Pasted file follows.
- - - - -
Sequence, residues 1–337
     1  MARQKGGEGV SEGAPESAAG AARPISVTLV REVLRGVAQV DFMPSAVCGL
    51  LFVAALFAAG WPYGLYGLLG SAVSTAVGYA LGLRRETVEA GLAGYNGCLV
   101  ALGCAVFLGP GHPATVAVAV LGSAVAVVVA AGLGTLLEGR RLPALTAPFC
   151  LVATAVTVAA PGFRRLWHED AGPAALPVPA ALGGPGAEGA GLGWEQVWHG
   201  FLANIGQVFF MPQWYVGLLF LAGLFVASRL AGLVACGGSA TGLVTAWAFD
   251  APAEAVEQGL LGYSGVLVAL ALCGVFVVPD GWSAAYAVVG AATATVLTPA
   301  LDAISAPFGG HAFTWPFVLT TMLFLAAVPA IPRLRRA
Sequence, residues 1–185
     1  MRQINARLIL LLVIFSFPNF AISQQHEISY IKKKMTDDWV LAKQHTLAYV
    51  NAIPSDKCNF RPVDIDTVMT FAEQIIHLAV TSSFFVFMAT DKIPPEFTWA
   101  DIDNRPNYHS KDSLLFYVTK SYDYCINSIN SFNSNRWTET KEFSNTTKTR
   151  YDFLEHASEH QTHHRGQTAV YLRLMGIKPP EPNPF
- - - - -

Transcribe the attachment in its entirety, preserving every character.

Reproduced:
Sequence, residues 1–337
     1  MARQKGGEGV SEGAPESAAG AARPISVTLV REVLRGVAQV DFMPSAVCGL
    51  LFVAALFAAG WPYGLYGLLG SAVSTAVGYA LGLRRETVEA GLAGYNGCLV
   101  ALGCAVFLGP GHPATVAVAV LGSAVAVVVA AGLGTLLEGR RLPALTAPFC
   151  LVATAVTVAA PGFRRLWHED AGPAALPVPA ALGGPGAEGA GLGWEQVWHG
   201  FLANIGQVFF MPQWYVGLLF LAGLFVASRL AGLVACGGSA TGLVTAWAFD
   251  APAEAVEQGL LGYSGVLVAL ALCGVFVVPD GWSAAYAVVG AATATVLTPA
   301  LDAISAPFGG HAFTWPFVLT TMLFLAAVPA IPRLRRA
Sequence, residues 1–185
     1  MRQINARLIL LLVIFSFPNF AISQQHEISY IKKKMTDDWV LAKQHTLAYV
    51  NAIPSDKCNF RPVDIDTVMT FAEQIIHLAV TSSFFVFMAT DKIPPEFTWA
   101  DIDNRPNYHS KDSLLFYVTK SYDYCINSIN SFNSNRWTET KEFSNTTKTR
   151  YDFLEHASEH QTHHRGQTAV YLRLMGIKPP EPNPF